Steve Jobs and Steve Wozniak's first business was selling Black Boxes, which allowed people to make free long distance phone calls on Ma Bell's network.
  • Reply 9 of 43
    tbelltbell Posts: 3,146member
    Quote:
    Originally Posted by Prof. Peabody View Post


    Exactly.

    I'm pretty sure that the legal stuff (although I've never read it), states that Apple only authorises Siri on one device and that they get to chose what device. Spoofing a device is still almost certainly not legal within the contract.



    Since jail breaking a device is illegal if your intent is illegal (and stealing services is illegal), then you are technically breaking federal law to jailbreak your device to use Siri.



    In the real world nothing will likely happen to you for doing this of course, but I am personally very disappointed with the fact that most other websites are just straight out reporting this to be "legal." It's almost certainly not for this and a variety of other reasons.



    For me this whole area falls under that "overdone sense of entitlement" thing. People today seem to think that they have some kind of "right" to just take whatever the f*ck they want, and not only that, they want to think it's morally okay now. Steal if you want, hack if you want, but don't try to make out like it's morally okay. It isn't.



    Just curious, what federal law? Also curious, what contract, as when I buy an iPhone I have no contract with Apple.
  • Reply 10 of 43
    ssquirrelssquirrel Posts: 1,196member
    Quote:
    Originally Posted by TBell View Post


    Steve Jobs and Steve Wozniak's first business was selling Black Boxes, which allowed people to make free long distance phone calls on Ma Bell's network.



    Blue boxes actually. Black boxes are what airplanes have, altho they are usually orange or some other easy top spot color





    http://en.wikipedia.org/wiki/Blue_box





    There are also links for black and red boxes (receiving calls and generating coin sounds) as well. By the early 90s the coin sound could be produced on a microcassette recorder as well, as seen in the movie Hackers. With everything being digital now, plus how few pay phones there are anymore, many of the old phreaking tools are extinct
  • Reply 11 of 43
    Quote:
    Originally Posted by TBell View Post


    Steve Jobs and Steve Wozniak's first business was selling Black Boxes, which allowed people to make free long distance phone calls on Ma Bell's network.



    ...and then they actually did something with their talents, and changed the world.



    The second part is more important, and not dependent on the first quasi-ethical-at-best behavior.
  • Reply 12 of 43
    Quote:
    Originally Posted by TBell View Post


    Just curious, what federal law? Also curious, what contract, as when I buy an iPhone I have no contract with Apple.



    You have to agree to an EULA when activating the device.



    Also the common sense test says that Siri is a service that runs on Apple's service, said service isn't directly monetized nor is it a charitable gift, and said service is therefore monetized indirectly through the purchase of a 4S. If you are hacking your iPhone 4 to run Siri, you are stealing a service, just the same as stealing cable.



    Edit: Also, the federal law in question would be copyright infringement. Jailbreaking WOULD be copyright infringement, except it has an exception granted to it from the DMCA, because it is for personal use. However, the exception doesn't apply if you are jailbreaking for an illegal purpose, like piracy.
  • Reply 13 of 43
    Technically, using Siri without permission is an unauthorized access to a network. This would break US Federal Law. It is punishable by at least 5 years in federal prison.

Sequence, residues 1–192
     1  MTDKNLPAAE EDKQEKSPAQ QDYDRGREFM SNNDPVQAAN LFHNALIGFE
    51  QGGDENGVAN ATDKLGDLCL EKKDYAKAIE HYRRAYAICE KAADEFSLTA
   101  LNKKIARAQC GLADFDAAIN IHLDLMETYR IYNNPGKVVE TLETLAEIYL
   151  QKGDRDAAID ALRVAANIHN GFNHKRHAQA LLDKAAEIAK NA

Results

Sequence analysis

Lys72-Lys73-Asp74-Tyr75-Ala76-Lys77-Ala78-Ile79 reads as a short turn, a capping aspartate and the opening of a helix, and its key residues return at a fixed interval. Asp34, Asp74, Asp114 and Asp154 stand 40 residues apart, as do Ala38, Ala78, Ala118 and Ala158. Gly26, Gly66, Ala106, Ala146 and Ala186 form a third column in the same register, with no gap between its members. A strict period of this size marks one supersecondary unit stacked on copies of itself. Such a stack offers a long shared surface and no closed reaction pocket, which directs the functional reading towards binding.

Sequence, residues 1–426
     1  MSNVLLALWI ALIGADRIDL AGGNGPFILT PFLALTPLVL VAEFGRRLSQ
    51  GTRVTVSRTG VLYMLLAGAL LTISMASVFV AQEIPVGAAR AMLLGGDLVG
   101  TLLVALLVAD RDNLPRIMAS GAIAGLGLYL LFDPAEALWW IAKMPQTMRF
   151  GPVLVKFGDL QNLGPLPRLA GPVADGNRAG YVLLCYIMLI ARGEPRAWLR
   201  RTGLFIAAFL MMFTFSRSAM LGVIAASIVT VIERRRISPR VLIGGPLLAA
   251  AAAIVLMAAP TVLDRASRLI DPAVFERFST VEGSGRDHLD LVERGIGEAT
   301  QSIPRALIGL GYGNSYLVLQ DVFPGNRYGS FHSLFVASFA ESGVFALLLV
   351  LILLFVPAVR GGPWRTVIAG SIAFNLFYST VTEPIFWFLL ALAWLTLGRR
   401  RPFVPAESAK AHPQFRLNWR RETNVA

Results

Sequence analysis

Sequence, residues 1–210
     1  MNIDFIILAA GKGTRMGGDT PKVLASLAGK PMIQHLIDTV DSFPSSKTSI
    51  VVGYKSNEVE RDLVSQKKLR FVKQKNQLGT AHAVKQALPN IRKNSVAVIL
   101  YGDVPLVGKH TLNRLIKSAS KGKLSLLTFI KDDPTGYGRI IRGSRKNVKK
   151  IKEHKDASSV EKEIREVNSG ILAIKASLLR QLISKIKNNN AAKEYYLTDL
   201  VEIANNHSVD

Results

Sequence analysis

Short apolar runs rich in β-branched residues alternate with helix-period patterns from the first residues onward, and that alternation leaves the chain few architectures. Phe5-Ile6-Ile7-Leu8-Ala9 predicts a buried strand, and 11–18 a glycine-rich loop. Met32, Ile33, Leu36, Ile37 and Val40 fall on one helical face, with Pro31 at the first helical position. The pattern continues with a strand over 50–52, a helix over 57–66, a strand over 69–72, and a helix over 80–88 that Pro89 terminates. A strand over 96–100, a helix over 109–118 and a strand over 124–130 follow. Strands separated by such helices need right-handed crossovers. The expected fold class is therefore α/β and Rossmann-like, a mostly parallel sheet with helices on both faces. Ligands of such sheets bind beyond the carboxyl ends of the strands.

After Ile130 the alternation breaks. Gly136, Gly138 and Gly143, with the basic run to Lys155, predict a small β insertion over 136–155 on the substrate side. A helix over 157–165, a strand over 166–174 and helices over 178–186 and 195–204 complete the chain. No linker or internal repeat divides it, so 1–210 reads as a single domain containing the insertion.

Realize that using someone's WiFi without permission also breaks this law even if the WiFi is open and without a password. And people have been convicted and imprisoned for this.



    Since Siri gets your Apple ID and phone number and phone information, this can easily be determined to be authorized and sent to the FBI.
  • Reply 14 of 43
    ...as it doesn't interfere with my stuff, I don't care.
  • Reply 15 of 43
    Quote:
    Originally Posted by anonymouse View Post


    But, they are probably violating at least a half a dozen other laws. Theft of services comes to mind.



    Not to mention that the claims of not violating copyright could be erroneous. Especially if they are using the same interface or even code. Then there's trademark, patents etc.



    In fact its so much more complicated that I would say that it likely isn't legal or ethical.
  • Reply 16 of 43
    gatorguygatorguy Posts: 19,296member
    Quote:
    Originally Posted by TBell View Post


    Also curious, what contract, as when I buy an iPhone I have no contract with Apple.



    Actually you do if you use pretty much any Apple hardware or software product. You may not have noticed you agreed to their terms of service during the activation process.



    http://www.apple.com/legal/sla/
  • Reply 17 of 43
    Quote:
    Originally Posted by roehlstation View Post


    ...as it doesn't interfere with my stuff, I don't care.



    20 million people with an iPhone 4 decide to use this hack and it slows down Apple's servers, would you still be rooting for it then?
  • Reply 18 of 43
    Quote:
    Originally Posted by dagamer34 View Post


    20 million people with an iPhone 4 decide to use this hack and it slows down Apple's servers, would you still be rooting for it then?



    I don't think 20 million people are going to go through this process.



    And where did you come up with that number? You think there are 20 million jailbroken iPhone 4s out there? Besides, even if a large number of people did start using Siri on older devices, Apple would work hard to expand accordingly or block the older devices through some new means. They're not going to allow something like that to mess up service for everyone else. That, and I expect they've already got plans in place to expand Siri far beyond what we see in it today.
  • Reply 19 of 43
    apple can just make a move, to the jailbreak phones, by making this 'siri' addition totally useless and not removable.



    you can hear them screaming now. 'how can you interfere with my illegal move". sort of reminds me of 'ows' except when these miscreants get caught they are really look for a new career.
  • Reply 20 of 43
    Quote:
    Originally Posted by TBell View Post


    Just curious, what federal law? Also curious, what contract, as when I buy an iPhone I have no contract with Apple.



    Huh? Didn't you see that Terms of Service you agreed to as you activated the phone?